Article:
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lietto commentai FIAT DE SE E fand se izde sizi mua tai E of this contentaries citome nis e route tion of Macrum Aes, the fino a VS Language of Horace becomes good as ht; and that such a compliment was a


, me know from the transformation feigned by Fruiz of himself.

The most elegant compliment that was paid to Addison, is of this obscure and perishable kind;

When panting Virtue her last efforts made,
You brought your Clio to the virgin's aid.


These lines must please as long as they are underiod; but can be understood only by those om have observed wild'ison's signatures in the Spec

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Tiezwy o chele minute allusions I shall exem

u he zince, which I take this occasion R a timi is l an tol, the commentators 1

thai shefias Cynthia in this

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na dolori?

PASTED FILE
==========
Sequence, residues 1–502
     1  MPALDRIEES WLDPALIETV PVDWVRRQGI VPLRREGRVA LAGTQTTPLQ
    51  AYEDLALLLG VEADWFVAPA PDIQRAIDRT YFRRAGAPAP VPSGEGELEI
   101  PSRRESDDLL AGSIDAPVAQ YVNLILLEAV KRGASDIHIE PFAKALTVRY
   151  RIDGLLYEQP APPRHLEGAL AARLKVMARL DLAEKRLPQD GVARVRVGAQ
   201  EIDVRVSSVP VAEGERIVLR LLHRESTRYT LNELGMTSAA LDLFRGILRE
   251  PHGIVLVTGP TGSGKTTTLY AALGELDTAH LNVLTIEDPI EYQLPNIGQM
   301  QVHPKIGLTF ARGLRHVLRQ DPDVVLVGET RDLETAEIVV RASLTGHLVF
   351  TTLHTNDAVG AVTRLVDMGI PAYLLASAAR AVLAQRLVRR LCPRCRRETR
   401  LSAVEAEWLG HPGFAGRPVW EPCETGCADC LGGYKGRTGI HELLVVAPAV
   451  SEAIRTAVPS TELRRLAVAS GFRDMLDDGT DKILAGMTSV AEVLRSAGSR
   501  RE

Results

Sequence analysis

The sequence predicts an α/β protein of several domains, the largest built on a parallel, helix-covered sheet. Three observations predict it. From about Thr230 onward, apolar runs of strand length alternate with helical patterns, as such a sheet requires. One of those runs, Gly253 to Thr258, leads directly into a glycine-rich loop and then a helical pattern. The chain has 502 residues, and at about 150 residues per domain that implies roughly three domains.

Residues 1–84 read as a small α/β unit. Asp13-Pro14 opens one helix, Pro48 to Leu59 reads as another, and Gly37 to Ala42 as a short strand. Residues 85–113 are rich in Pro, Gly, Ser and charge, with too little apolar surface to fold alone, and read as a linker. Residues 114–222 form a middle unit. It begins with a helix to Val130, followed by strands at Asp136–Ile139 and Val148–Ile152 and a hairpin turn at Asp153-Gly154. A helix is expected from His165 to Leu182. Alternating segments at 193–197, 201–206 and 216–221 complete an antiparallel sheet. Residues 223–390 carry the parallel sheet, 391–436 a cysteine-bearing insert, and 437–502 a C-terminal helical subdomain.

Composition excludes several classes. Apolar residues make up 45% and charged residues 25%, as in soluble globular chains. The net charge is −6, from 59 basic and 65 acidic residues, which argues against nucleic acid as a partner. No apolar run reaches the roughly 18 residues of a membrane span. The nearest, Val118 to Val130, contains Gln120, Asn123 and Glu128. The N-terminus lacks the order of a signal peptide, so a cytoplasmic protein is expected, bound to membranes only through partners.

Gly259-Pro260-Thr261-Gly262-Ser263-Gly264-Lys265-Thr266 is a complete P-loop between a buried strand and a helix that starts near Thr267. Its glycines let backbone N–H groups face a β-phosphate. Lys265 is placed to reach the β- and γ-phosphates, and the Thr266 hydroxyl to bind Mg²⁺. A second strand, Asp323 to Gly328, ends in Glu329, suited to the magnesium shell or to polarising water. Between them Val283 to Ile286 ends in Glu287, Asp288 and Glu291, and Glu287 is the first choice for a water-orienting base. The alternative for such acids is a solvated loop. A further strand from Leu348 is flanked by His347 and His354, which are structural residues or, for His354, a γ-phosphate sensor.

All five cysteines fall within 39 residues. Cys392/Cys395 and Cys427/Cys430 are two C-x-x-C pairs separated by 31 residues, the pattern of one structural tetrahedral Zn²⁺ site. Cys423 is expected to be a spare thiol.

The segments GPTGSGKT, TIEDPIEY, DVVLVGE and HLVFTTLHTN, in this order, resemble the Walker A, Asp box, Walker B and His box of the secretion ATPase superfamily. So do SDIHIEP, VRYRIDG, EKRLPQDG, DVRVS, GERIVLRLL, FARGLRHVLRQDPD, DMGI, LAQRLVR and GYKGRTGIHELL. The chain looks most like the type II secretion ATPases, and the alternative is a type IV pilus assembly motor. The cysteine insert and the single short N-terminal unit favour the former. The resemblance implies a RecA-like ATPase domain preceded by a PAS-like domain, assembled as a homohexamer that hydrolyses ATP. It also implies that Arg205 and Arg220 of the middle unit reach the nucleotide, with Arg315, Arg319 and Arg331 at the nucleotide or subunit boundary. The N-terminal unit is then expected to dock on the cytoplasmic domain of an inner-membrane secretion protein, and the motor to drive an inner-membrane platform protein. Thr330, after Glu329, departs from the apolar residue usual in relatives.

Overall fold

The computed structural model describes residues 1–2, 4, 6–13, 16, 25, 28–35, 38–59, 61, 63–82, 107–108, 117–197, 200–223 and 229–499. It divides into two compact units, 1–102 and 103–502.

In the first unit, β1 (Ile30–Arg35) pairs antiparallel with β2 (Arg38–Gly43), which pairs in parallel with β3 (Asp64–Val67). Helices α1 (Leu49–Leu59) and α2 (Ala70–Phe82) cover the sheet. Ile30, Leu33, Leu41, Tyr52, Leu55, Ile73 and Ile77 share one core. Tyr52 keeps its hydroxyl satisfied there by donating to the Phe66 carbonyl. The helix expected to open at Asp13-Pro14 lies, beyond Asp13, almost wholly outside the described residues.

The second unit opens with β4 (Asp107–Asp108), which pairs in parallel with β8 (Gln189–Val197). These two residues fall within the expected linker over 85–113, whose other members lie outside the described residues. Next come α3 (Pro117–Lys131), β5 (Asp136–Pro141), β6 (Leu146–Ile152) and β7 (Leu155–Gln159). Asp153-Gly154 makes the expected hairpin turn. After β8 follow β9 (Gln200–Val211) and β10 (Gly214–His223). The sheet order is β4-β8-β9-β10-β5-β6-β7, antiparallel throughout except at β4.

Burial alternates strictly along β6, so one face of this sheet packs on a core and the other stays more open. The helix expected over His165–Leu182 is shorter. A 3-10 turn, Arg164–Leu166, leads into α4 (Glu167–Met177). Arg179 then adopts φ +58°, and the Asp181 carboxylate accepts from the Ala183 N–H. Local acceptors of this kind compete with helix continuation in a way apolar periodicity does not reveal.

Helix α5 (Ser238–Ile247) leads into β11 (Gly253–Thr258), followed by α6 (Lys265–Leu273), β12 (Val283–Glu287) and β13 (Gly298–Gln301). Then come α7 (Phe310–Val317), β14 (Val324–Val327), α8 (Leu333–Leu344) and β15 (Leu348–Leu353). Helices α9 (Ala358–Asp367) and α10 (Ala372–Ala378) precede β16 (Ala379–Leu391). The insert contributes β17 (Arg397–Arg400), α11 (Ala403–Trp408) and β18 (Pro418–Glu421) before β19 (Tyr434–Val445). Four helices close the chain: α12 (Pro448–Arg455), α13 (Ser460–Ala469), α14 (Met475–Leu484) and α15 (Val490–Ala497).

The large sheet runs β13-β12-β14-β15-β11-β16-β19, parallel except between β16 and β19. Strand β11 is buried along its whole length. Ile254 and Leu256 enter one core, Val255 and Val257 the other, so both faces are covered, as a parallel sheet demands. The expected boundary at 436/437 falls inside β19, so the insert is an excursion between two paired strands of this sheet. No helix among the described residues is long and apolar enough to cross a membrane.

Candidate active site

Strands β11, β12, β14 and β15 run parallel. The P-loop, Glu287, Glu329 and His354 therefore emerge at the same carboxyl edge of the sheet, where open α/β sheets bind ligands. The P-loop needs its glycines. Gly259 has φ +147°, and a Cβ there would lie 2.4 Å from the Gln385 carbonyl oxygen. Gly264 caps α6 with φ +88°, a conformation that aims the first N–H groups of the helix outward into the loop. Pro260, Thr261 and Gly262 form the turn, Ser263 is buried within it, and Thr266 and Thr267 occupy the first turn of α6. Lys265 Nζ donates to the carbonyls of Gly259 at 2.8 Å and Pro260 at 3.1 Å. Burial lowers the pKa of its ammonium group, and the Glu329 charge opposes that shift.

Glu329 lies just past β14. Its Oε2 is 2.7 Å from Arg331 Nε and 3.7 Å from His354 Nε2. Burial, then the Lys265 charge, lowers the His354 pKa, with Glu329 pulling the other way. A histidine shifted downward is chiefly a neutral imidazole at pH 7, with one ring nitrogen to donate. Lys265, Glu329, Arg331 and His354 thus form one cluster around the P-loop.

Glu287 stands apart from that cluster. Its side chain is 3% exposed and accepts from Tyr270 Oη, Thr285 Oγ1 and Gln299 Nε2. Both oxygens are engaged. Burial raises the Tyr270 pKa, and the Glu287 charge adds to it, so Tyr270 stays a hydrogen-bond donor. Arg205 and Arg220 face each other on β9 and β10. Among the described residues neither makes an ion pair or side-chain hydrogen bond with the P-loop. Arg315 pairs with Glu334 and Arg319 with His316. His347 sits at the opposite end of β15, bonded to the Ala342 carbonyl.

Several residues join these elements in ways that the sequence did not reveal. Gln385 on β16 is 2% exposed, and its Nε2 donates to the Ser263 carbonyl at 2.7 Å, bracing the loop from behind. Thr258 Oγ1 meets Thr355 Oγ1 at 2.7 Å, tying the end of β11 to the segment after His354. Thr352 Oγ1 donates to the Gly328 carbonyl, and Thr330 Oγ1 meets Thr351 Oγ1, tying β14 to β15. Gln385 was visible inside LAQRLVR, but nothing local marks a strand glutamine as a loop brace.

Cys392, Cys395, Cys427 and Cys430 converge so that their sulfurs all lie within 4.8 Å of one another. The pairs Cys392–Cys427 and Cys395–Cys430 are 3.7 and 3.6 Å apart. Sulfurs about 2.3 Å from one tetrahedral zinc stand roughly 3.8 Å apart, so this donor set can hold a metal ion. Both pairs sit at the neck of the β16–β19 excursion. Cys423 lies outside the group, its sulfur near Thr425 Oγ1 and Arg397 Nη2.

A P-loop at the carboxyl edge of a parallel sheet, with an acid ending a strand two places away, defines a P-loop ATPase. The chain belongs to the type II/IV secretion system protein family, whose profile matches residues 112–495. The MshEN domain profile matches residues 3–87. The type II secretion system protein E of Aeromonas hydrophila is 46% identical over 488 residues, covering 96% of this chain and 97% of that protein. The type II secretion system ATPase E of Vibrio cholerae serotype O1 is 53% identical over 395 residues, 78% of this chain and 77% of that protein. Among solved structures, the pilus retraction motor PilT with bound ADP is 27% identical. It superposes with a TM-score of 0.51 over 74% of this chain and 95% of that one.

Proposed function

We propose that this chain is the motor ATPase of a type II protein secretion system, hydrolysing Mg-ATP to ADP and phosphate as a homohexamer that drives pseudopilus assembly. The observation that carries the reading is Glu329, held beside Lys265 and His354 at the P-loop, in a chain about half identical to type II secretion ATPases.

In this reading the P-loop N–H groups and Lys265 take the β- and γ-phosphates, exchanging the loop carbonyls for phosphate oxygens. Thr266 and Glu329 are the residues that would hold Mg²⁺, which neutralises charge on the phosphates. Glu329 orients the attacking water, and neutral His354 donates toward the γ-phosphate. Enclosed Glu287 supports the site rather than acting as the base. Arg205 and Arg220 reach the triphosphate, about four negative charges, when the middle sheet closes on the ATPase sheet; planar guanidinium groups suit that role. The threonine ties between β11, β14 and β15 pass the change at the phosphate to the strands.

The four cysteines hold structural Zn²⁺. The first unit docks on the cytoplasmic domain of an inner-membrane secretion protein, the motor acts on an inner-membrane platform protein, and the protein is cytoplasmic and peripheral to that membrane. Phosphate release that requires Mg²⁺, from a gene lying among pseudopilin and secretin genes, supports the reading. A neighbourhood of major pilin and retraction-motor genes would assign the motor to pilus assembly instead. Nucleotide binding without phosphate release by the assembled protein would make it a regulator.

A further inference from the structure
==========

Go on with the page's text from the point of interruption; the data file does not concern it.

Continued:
Blest was my reign, retiring Cynthia cry'd:
Not till he left my breast, Tibullus dy'd.
Forbear, faid Nemesis, my loss to moan,

The fainting treinbling hand was mine alone. The beauty of this paffage, which consists in the appropriation made by Nemesis of the line originally directed to Cynthia, had been wholly imperceptible to succeeding ages, had chance, which has destroyed so many greater volumes, deprived us likewise of the poems of Tibullus.

NUMB. 62. SATURDAY, June 9, 1753.

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Fleet, June 6. To the account of such of my companions as

1 are imprisoned without being miserable, or are miserable without any claim to compassion; I promised to add the histories of those, whose virtue has made them unhappy, or whose misfortunes are at least without a crime. That this catalogue should